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Current extremist tendencies in and around the Moscow Patriarchate

Irina Levinskaya

We cannot call the Moscow Patriarchate a progressive force. In fact it is conservative. It constantly demonises the West. It shows xenophobic and anti-Judaic tendencies. It expresses strong support for a centralised authoritarian state. Even those bishops who are labelled as 'liberals' are not liberal in the western sense. They are simply more moderate exponents of the same ideas.

The centres of conservatism are the monasteries. The more conservative hierarchs have monastic roots. As far as the theological seminaries and academies are concerned, we should recognise a great difference between those in St Petersburg and those in Moscow. The former are located in the middle of the city, and the students are exposed to international contacts. The latter are in Sergiyev Posad, a long way from Moscow, and do not have these kinds of contact. The new generation of church leaders are products of the Moscow academy.

Monasteries run their own bookshops. The Valaam Monastery has a bookshop in St Petersburg. Recently a book was on sale there which denied the Holocaust. I arranged for some famous public figures to sign a letter of protest to the patriarch. The book was withdrawn. Soon after, I went to the same bookshop and enquired about the book. I was told that it had officially been withdrawn because 'wicked Yids' had written to the patriarch; it was no longer on display, but how many copies would I like? This shows that fundamentalism is strong at grass-roots level.

The Russian Orthodox Church has no political power but considerable reputation and influence in society. It has an important role in shaping public memory, and does so selectively. Extremists within the church condemn all periods of liberalism in Russian history. They remember the period of perestroika not as a period of religious revival but as a period when foreign sects invaded Russia.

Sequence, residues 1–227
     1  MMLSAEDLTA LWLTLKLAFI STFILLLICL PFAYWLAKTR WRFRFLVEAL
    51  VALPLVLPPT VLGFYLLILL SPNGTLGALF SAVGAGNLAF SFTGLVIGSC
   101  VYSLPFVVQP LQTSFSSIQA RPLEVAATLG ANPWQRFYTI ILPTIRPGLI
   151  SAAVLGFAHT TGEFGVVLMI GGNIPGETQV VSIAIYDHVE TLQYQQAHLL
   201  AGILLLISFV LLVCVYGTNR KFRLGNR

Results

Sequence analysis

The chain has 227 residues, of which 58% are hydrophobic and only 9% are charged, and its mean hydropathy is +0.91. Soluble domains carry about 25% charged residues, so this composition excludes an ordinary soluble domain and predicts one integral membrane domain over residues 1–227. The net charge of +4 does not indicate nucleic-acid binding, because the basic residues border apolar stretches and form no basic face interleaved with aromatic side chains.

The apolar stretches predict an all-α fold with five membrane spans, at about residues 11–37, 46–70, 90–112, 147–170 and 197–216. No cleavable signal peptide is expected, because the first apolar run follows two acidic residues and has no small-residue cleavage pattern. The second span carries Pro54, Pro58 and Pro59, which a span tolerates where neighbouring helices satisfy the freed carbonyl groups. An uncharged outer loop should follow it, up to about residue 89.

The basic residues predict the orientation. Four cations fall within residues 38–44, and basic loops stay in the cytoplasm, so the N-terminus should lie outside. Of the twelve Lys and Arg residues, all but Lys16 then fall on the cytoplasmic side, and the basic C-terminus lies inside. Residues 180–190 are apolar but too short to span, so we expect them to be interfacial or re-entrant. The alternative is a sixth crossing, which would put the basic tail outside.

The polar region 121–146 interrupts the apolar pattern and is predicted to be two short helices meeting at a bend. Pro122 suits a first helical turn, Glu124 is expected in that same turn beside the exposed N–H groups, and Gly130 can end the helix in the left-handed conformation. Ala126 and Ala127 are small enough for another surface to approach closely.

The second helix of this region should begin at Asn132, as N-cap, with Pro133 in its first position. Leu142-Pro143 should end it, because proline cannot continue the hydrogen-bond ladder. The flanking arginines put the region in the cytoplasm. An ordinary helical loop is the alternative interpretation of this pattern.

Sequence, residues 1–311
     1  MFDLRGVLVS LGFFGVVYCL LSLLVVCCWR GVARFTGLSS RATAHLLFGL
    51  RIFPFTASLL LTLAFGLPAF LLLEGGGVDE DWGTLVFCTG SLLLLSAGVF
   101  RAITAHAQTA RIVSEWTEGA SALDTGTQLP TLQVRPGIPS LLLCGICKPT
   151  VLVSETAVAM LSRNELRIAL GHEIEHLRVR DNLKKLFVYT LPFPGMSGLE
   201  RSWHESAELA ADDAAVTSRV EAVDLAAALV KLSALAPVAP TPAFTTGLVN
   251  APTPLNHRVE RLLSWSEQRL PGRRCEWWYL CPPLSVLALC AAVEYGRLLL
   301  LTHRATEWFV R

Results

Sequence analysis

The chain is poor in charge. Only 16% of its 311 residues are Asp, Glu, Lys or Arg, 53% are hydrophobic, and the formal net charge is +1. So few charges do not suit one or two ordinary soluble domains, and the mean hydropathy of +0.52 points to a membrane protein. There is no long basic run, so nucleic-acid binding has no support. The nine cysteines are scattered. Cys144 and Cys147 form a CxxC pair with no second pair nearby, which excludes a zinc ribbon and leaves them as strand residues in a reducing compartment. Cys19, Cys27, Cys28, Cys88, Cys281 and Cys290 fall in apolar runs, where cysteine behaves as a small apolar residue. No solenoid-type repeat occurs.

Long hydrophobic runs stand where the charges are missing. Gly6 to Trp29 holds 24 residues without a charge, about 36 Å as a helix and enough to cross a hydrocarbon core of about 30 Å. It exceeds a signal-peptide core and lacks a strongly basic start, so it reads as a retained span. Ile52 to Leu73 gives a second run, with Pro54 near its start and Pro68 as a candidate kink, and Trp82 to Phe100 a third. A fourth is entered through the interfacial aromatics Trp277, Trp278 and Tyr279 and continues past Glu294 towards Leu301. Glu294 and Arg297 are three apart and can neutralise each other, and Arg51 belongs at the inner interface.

The book Autocracy of the Spirit by the late Metropolitan Ioann of St Petersburg has become a bible for extremists, and has never been repudiated by the hierarchy of the church. The argument in the book is that Russia has a special spiritual calling, and that as a result it has become the target of an international Jewish-led plot for extermination. In order to counter this threat a Russian Orthodox state should be established within the boundaries of the Russian Empire; among Russian leaders the book admires Ivan the Terrible and Stalin between 1943 and 1953.

The most widespread extremist newspaper is Rus Pravoslavnaya edited by Konstantin Dushenov. Much of its content is in violation of the Russian Constitution and arguably of articles in the Russian Criminal Code. All attempts to close the newspaper down have however stalled at high levels in the judiciary.

Many people in Russia claim to be Orthodox without necessarily being Christian. There is a general tendency to regard Orthodoxy as primarily a mark of being Russian.


Irina Levinskaya is a senior research fellow of St Petersburg Institute of History of the Russian Academy of Sciences, a permanent visiting member of the Faculty of Divinity, Cambridge University, and a member of the World Association of Writers PEN International.

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